Our smallest primate relative, the female grey mouse lemur (Microcebus murinus) is extremely promiscuous during their short breeding season (just a few days out of the year).
These ladies are of a similar morphological size to their male counterparts, and so they are not subject to intense intimidation or coercion from them.
However, males are at their most abundant and eager during the female’s narrow window of ovulation, and up to fourteen males can actively solicit a female at the same time.
Curious as to whether female mouse lemurs were subject to convenience polyandry – where females engage in (unwanted) copulations with would-be suitors for the simple reason that they do not want to spend the time or energy trying to avoid them – biologists manipulated the diet of several females in an effort to create two experimental groups: those with high and those with low body conditions.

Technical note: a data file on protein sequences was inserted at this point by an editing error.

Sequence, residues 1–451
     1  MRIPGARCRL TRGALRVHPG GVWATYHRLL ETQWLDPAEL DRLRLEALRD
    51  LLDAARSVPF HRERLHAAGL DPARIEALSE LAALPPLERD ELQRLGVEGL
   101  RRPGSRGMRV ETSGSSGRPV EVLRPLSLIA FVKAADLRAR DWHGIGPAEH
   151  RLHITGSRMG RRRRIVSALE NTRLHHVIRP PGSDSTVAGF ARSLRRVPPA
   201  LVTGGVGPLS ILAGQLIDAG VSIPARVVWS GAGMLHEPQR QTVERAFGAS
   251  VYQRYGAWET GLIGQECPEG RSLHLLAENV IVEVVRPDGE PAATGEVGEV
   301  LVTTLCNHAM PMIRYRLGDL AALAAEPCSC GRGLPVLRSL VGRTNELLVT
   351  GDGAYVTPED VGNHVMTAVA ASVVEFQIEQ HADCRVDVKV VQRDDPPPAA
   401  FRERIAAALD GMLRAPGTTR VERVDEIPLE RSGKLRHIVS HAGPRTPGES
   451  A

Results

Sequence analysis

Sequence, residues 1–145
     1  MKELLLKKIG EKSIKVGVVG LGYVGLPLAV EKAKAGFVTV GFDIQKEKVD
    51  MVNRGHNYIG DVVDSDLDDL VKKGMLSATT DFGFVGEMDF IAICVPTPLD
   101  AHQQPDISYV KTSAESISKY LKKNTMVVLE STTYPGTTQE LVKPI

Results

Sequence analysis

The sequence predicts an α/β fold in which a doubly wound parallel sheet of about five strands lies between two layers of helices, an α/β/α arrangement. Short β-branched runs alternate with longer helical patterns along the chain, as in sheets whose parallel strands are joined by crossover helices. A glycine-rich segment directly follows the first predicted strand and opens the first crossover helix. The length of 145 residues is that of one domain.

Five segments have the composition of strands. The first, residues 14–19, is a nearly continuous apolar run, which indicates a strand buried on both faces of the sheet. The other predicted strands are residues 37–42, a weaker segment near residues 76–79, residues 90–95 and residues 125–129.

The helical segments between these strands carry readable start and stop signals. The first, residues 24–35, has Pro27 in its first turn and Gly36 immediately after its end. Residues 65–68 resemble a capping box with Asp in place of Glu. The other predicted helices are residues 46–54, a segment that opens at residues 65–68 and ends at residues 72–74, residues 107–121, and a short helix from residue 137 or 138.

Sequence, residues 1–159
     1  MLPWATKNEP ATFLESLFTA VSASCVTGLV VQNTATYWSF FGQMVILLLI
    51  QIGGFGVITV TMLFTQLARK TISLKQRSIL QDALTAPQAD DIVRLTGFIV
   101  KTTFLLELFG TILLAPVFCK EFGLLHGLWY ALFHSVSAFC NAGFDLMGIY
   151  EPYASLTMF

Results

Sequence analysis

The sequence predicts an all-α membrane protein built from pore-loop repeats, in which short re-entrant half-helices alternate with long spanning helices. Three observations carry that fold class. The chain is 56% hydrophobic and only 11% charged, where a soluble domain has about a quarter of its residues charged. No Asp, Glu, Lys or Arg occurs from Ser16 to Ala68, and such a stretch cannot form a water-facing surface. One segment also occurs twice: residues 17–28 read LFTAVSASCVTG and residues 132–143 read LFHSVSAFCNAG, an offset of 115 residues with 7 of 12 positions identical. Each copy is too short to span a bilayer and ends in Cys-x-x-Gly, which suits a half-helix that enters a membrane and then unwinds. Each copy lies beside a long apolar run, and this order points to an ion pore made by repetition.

They speculated that the females with low body condition would be more likely to engage in convenience polyandry due to a lack of energy to fend off the advances of interested males.
Instead, the complete opposite appears to be true.
High-quality females turned out to be the only ones to engage in polyandrous behaviour, suggesting a high energetic cost to such activities.
This indicates that polyandry is an adaptive behaviour that is favoured over monogamy, and that mouse lemur females are in complete control of their sexual activities.
This post is an adapted excerpt from my book “Wild Sex: The Science Behind Mating in the Animal Kingdom“